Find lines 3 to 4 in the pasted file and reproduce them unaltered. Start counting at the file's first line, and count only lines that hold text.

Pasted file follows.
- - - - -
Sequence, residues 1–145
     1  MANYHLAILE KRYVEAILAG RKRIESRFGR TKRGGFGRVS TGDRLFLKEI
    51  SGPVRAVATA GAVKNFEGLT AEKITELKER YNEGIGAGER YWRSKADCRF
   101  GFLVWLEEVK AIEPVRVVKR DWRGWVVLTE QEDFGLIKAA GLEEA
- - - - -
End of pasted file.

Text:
    51  SGPVRAVATA GAVKNFEGLT AEKITELKER YNEGIGAGER YWRSKADCRF
   101  GFLVWLEEVK AIEPVRVVKR DWRGWVVLTE QEDFGLIKAA GLEEA